Arguing the World

Watch Arguing the World

  • NR
  • 1998
  • 1 hr 46 min
  • 7.0  (93)

Arguing the World is a documentary film that takes an in-depth look at the lives and professional careers of four New York City-based intellectuals – Irving Howe, Daniel Bell, Nathan Glazer, and Irving Kristol – and their contributions to American political thought and culture from the 1930s to the present day. Directed by Joseph Dorman, the film premiered in 1997 and is a valuable retelling of the lives of four of the greatest political thinkers of the 20th century.

The film begins by introducing the four protagonists, who met as college students in the 1930s and were later united by their leftist leanings and Jewish heritage. They quickly discovered that they wanted to do more than simply argue their points and win debates; they wanted to transform society. The film then goes on to explore the unique paths each of the four men took, including their evolving views on Communism, anti-Semitism, and Zionism.

Throughout the film, the men discuss the political and cultural landscape of the United States in the 1930s and 1940s, when they were young adults. They recall the Depression, the rise of Hitler, and the horrors of World War II as defining moments that shaped their political beliefs. Bell, Glazer, Howe, and Kristol talk about their individual experiences with the Communist Party and how they came to realize that the Soviet Union was not the utopia they had imagined.

The film also highlights the impact that the four men had in the academic world, as well as on broader political discourse. They were able to introduce fresh ideas, and their rigorous analyses of the issues helped to set the tone for many subsequent debates. The film features vintage footage of the men reading their passionate and at times contentious essays and speeches, and these clips are interspersed with more recent interviews.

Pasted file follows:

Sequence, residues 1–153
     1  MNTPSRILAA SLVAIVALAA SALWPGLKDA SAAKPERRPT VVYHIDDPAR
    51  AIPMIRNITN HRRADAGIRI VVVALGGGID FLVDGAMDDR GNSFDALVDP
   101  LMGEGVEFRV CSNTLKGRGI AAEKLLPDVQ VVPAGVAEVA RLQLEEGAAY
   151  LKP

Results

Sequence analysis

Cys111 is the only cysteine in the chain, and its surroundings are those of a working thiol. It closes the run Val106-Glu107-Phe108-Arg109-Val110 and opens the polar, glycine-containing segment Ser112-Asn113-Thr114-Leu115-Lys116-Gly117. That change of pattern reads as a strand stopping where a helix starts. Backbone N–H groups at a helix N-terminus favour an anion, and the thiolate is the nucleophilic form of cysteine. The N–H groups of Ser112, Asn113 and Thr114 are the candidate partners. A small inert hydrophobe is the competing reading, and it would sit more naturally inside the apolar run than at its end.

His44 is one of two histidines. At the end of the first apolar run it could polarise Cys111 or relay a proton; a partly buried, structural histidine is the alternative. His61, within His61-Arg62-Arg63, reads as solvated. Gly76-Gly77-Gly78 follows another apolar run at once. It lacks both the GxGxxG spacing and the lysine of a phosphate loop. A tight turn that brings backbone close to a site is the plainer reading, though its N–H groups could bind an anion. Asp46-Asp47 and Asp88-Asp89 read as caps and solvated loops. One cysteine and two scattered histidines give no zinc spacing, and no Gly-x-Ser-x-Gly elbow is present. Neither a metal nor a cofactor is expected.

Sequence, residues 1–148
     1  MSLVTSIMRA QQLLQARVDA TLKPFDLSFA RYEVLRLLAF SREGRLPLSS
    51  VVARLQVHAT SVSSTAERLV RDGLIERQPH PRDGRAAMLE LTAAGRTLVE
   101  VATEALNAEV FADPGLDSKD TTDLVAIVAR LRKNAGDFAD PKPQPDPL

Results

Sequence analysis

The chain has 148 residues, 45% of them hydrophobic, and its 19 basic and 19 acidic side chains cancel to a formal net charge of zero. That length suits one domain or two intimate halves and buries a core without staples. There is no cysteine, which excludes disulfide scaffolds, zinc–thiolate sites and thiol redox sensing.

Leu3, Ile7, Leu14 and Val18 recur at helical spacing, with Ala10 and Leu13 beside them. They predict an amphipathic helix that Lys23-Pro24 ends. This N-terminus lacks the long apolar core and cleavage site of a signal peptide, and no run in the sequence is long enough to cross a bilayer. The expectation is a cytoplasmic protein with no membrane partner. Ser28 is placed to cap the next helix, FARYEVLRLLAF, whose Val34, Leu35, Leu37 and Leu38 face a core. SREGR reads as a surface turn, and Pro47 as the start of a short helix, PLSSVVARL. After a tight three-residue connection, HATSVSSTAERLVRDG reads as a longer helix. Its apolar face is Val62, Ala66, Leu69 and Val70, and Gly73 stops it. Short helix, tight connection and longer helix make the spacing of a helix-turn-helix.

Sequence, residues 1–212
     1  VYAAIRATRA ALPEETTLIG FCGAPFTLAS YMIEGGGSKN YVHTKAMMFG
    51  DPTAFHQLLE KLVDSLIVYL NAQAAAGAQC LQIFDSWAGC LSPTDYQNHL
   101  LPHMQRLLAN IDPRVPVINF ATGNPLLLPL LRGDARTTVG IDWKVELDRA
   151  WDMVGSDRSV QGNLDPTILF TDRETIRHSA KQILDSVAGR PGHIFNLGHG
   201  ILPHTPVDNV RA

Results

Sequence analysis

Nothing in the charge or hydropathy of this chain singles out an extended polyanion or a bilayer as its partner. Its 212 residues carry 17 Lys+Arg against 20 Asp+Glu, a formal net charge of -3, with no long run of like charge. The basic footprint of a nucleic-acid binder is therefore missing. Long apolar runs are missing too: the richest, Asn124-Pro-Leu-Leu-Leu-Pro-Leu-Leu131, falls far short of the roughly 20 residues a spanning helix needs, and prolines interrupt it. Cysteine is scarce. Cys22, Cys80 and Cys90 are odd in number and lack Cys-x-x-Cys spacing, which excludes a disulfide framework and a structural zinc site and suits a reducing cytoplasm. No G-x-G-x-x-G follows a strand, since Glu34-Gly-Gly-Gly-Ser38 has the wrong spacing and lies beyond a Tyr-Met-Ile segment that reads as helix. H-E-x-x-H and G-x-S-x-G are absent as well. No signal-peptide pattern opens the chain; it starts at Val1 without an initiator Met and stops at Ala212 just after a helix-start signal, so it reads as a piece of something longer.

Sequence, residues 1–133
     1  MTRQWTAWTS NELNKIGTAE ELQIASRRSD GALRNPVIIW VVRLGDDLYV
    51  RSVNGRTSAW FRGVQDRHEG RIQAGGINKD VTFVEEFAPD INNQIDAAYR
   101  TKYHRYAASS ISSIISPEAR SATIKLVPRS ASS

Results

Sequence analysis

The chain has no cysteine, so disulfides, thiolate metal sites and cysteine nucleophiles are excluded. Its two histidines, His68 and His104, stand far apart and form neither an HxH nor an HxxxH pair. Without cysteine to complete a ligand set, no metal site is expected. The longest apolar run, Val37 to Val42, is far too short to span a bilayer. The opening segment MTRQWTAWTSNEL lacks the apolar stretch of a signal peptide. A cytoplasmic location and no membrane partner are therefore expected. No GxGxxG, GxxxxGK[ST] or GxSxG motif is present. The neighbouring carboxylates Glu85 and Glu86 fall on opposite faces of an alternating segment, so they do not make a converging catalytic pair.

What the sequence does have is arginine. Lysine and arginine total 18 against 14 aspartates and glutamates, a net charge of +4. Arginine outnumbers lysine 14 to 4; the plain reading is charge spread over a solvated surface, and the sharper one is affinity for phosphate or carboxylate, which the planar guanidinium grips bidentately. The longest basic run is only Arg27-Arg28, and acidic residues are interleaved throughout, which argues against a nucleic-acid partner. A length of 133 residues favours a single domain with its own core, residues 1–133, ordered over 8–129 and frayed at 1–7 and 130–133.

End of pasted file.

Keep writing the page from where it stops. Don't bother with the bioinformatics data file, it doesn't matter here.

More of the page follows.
Another important theme explored throughout the film is the complex relationship that the four men had with their Jewish identities. The film shows how they each struggled with their feelings of marginalization and self-doubt, and how they used their intellects as a way of constructing a sense of meaning and purpose. The film also delves into the men's views on Zionism and Israel, which were often at odds with each other.

The documentary concludes with an examination of the legacy of the four intellectuals. Although they have long since retired from their formal academic, editorial and political careers, their work continues to influence contemporary debates in a variety of fields, including philosophy, sociology, politics, and education. The filmmakers argue that the four thinkers remain relevant due to their commitment to the preservation of a democratic society that values equality of opportunity, social justice, and intellectual rigor.

In conclusion, Arguing the World is a truly fascinating film that provides a compelling insight into the life and work of four of the most influential political thinkers of the 20th century. With interviews, archival footage, and thoughtful commentary, the film offers an insightful look at their true character, their successes, and failures, as well as their ideas and their legacies. Ultimately, the film underscores the enduring relevance of their intellectual work and the importance of rigorous argumentation and debate in a democratic society.

Arguing the World is a 1998 documentary with a runtime of 1 hour and 46 minutes. It has received mostly positive reviews from critics and viewers, who have given it an IMDb score of 7.0.

Where to Watch Arguing the World
Arguing the World is available to watch free on Kanopy. It's also available to stream, download on demand at . Some platforms allow you to rent Arguing the World for a limited time or purchase the movie and download it to your device.
  • Release Date
  • MPAA Rating
  • Runtime
    1 hr 46 min
  • IMDB Rating
    7.0  (93)